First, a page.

Our Growing Sisterhood

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For those of you who haven’t heard, our Pure Romance family has recently expanded into Canada after thousands of former Passion Parties Consultants have decided to join our company! I wanted to take this opportunity to extend a warm, heartfelt welcome to all of these amazing women who will be working with us to carry on our mission. I went through a similar transition when I was a Consultant years ago for Fun Parties. It was an exciting new chapter starting my own company, and I know that many of these women will feel the same way starting their new journey with Pure Romance.

No matter where we travel in this world, women still have similar questions, needs, wants and desires when it comes to their sexual health and intimacy; on the flip side, many also strive for more quality time with family, extra income and to be their own bosses. This is something that Pure Romance is proud to offer our Consultants and those who come to our parties.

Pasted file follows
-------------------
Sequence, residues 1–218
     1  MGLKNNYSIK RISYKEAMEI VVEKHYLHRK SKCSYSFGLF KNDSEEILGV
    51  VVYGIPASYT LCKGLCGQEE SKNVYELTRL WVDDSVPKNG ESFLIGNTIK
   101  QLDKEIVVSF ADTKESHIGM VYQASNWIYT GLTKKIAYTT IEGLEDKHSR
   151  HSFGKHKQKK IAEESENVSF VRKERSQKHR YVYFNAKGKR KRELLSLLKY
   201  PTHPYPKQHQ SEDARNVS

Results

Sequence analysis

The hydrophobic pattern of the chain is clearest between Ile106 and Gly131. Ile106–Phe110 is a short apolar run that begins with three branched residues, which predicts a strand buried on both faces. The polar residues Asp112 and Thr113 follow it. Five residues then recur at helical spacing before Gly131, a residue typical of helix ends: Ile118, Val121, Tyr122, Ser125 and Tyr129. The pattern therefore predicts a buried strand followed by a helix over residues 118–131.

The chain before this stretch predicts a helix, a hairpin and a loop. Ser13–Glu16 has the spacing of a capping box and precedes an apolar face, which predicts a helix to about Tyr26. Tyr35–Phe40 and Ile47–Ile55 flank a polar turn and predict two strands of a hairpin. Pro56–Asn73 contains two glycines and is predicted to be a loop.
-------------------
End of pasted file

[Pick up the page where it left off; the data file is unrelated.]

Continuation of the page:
IMG_2446We are all truly coming together for a common cause: to give women permission, and to empower other women to also own and operate their own businesses. I wish all of our new “sisters” much success as we join forces to work toward the greater good for all women throughout the world.

Click here to read about this expansion on Yahoo! Finance News.

 

“Addyi” to Add Hope for Women with Low Libido

Flibanserin, now referred to as Addyi to the public, is a drug that’s been under study as a non-hormonal treatment for pre-menopausal women with hypoactive sexual desire disorder; it’s expected to be widely available at pharmacies October 17.

Clinical Trials for Addyi have been performed on 11,000 women making it the largest ever for a women’s drug! These extensive trials found the drug increased their desire, decreased their distress and increased their number of sexual events. Importantly, the drug has shown minimal side effects compared to those for male sexual dysfunction – in fact, compared to most drugs, period. It’s time to trust pre-menopausal women with this condition (and the health practitioners who advise them), to decide if this is right for them.